Monday, December 28, 2009

Ravioli made by hand

Our Christmas Eve dinner tradition is homemade ravioli filled with ricotta cheese.  This recipe was passed down to me by my father, whose mother made homemade pasta just like they do in the old country.  While Grandma made her dough on her macaroni board by mixing all the ingredients by hand, I will show you how you can easily mix the dough in your Cuisinart.  Either way is delicious!

Pasta dough in the Cuisinart:
Insert the dough blade (small plastic blade)
Add 4 eggs
1 tsp salt
Mix the eggs and salt for a minute
Add 3 cups of flour
Turn on to high speed and mix until dough starts to thicken
Add small amount of water through the feed tube while the machine is running until the dough forms into a ball.  Once it is a solid ball moving around the blade let it knead on high speed for 2-3 minutes.  Dust dough ball with flour and place it on a plate covered with a clean dish cloth.  Repeat to make a second batch.

Ricotta filling:
One large (2lb) container ricotta cheese
(Good Italian markets often carry a fresh imported ricotta from Italy that is delicious)
2 eggs
2 tbls fresh chopped parsley
Handful of pecorino romano cheese
salt and pepper
Mix all ingredients together and set aside in the refrigerator until ready to use.

Take 1/3 of a dough ball and dust with flour and begin rolling it out on a floured surface.  A wooden surface works best.  I use a chopping block.  Roll the dough out to form a rectangular shape.
Rub the dough with a little flour to keep it from sticking to the rolling pin or surface.  Roll until it's almost paper thin (more like the thickness of construction paper)

Then trim the edges so you have a even rectangular shape.  I take these trimmed edges and cut them into small pieces and flash freeze them.  They are delicious in a homemade soup.

Place a generous tablespoon of the ricotta filling about 2 inches from the edge and 2 inches apart:

Now take a glass of water, and dipping your fingers in the water, draw an outline across the top and sides of what will be each ravioli:

Carefully fold the dough over the cheese making sure to align the top over the bottom to form the ravioli.  It's a little tricky lining it up, but with practice it gets easier.  Run your fingers around the edges and between the ravioli to seal.  Then cut evenly between each ravioli:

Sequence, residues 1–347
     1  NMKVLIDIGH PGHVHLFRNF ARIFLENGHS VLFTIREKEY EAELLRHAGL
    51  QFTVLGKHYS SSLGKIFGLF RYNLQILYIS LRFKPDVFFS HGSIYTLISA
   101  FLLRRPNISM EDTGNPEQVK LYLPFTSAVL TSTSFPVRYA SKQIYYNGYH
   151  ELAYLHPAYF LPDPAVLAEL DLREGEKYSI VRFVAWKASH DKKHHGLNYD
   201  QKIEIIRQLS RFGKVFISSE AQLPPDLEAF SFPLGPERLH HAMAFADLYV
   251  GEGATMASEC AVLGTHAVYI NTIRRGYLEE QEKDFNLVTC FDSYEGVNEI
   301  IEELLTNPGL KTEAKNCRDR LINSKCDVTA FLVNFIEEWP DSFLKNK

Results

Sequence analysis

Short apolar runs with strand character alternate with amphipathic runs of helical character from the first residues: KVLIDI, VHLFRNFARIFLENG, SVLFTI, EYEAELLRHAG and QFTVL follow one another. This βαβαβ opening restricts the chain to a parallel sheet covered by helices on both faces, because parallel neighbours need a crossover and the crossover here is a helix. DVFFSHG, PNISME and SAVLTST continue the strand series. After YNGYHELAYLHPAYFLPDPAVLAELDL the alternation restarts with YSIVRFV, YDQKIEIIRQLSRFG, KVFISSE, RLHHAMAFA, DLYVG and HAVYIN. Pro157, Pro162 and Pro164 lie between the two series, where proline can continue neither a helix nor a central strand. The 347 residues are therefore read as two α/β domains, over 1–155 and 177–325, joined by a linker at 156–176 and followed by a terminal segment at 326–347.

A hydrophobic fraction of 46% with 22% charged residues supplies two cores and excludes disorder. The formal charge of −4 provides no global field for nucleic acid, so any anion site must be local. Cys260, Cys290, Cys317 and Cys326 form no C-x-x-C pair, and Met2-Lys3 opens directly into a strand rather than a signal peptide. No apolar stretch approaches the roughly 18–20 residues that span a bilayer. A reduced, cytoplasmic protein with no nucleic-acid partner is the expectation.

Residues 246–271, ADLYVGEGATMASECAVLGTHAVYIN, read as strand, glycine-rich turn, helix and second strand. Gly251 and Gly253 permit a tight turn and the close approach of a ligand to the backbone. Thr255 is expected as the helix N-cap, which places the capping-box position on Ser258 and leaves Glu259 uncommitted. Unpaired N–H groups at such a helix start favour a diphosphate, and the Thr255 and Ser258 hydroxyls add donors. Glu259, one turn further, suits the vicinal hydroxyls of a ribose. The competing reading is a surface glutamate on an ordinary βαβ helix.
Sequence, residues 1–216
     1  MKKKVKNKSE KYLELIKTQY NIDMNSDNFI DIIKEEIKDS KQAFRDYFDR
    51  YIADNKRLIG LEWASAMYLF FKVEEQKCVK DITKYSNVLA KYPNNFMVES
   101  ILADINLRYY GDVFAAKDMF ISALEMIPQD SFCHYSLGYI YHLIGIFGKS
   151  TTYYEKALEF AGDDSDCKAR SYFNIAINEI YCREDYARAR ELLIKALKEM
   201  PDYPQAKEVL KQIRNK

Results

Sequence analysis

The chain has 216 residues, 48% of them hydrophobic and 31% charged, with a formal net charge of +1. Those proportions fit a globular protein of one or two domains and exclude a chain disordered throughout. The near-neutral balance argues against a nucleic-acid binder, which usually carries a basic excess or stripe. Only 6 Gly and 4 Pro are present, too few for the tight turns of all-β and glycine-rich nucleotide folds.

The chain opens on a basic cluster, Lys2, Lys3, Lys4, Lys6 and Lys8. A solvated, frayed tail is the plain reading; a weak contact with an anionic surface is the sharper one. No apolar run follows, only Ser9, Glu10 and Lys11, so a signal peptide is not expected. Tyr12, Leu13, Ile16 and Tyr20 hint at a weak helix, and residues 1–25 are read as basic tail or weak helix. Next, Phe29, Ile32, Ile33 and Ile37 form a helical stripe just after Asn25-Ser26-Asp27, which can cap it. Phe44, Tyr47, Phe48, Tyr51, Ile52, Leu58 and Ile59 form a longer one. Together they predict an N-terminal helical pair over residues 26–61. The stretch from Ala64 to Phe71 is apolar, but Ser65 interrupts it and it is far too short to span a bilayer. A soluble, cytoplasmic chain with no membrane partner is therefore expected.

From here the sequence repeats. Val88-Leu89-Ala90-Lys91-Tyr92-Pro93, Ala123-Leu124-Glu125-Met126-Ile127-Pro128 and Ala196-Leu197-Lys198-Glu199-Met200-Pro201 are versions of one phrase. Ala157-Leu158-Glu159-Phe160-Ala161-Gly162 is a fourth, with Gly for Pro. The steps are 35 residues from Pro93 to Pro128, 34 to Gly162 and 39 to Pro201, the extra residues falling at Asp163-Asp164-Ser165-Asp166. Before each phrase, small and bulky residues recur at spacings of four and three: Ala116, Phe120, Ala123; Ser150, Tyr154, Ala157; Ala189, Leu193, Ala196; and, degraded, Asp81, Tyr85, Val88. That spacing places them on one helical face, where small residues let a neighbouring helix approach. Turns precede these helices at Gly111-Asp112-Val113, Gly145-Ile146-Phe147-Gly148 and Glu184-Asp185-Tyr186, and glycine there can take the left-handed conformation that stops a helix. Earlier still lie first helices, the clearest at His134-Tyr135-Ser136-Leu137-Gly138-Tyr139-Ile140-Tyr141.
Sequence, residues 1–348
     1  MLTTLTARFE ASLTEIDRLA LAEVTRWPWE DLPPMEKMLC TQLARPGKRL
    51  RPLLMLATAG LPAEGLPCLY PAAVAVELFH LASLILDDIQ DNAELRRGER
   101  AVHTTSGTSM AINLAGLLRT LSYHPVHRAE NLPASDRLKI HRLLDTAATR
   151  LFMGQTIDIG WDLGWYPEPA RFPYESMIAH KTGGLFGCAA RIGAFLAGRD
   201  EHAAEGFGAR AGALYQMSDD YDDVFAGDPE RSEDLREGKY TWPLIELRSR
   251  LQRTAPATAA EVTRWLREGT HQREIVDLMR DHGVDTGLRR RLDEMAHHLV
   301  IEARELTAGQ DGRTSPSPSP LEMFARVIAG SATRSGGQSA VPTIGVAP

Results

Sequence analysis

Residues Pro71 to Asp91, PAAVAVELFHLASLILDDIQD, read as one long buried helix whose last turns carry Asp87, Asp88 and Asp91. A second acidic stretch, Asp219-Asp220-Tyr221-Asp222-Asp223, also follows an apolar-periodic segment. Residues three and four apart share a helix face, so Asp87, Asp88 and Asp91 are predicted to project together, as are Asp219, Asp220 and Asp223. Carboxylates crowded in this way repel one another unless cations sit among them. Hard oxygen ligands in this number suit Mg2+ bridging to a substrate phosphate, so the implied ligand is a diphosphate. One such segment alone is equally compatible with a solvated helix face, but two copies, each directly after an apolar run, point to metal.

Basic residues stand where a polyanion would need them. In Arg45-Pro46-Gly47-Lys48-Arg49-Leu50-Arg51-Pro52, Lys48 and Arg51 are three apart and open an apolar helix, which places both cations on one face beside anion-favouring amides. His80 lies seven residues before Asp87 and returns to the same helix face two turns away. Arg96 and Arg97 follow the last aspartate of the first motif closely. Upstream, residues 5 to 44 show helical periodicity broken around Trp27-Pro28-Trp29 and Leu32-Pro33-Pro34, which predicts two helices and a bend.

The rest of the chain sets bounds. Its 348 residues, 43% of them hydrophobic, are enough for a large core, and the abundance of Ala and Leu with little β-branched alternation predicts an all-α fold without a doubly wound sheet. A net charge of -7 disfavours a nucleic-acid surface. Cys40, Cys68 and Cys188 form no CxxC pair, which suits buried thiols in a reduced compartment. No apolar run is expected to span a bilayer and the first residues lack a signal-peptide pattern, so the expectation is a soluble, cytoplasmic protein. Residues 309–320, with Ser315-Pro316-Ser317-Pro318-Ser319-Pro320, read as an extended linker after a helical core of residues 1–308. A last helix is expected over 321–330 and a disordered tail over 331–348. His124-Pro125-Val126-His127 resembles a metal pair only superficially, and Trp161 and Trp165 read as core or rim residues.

Take a fork and dip it into the flour then gently fork the cut edges. Making sure that you don't push the tines of the fork into the dough and puncture the ravioli.

Place the ravioli on a sheet with parchment paper allowing a little space between them.  You can flash freeze them on the sheets and then place them in freezer bags.  If I am cooking them the same day, I just store them in the refrigerator until I'm ready to use them.

Place the ravioli into boiling salted water, and bring them back up to a boil then cook them for about 8-10 minutes depending on thickness.  Remove from the boiling water with a small strainer or large slotted spoon.  If you dump them into a colander they will break.

Place them in a pasta dish and add a little sauce as you layer the ravioli into the serving dish. This recipe makes about 2 -3 dozen ravioli depending on the size you make. I tend to make them on the larger side as they measure about 3"x 4" once cooked. I love the texture of the dough, which is slightly uneven from hand rolling the pasta.

Buon appetito!

If you have any questions about this or any of our recipes, please submit your question using the comment box.


  1. Hi Laurie,

    Put my portion in a pesto sauce and I'll be right over.


  2. As a consumer I can attest to the fact that they were, "DELICIOUS!!!" mum

  3. .
    I rember them well hanging all over the kitchen on Shell La. B.

  4. HI Laurie..
    Great blog, and I told a bunch of my foodie friends about it!
    They think the recipes are wonderful and got compliments on the photos! Apparently not enough of the good food blogs bother with the photos! The whole thing looks great!

  5. Laurie! One of my earliest memories is sitting at the kitchen table while my grandmother (Nonni) made these. She'd cut them with a pastry roller- so the edges of the leftover strips were ruffled. We would carry them to the bedroom where she had laid a sheet on the bed to let them dry a bit before cooking. My mom was one of 10 kids, brought up on the first floor of a 3-decker on Shrewsbury Street in Worcester. This was my Culinary Institute! Every holiday we had these ravioli, along with soup, antipasto and THEN the turkey/roast dinner! And did someone say dessert? Cookies? We ate in shifts, there were so many of us!
    We are still carrying on the traditions. This past Christmas Eve we had our fish dinner- 35 of us! My usual contributions are the Pulpa and shrimp salads. (I was able to get 8 pound octopi at Joe's this year!) The food and family at Christmas is the best!

  6. Heidi,
    Thanks for the kind words and for passing it on. I really appreciate it.

  7. Cindy,
    What a wonderful family story and I love your traditions. It is what makes the holidays so enjoyable. Thanks for visiting.

  8. I've never had better food experiences, along with life experiences, than with you!! Thanks for making this beautiful blog available to all of us! Will send you my Nantucket recipes soon!! xoxo Maryanne

  9. Great family history!! I cannot wait to try these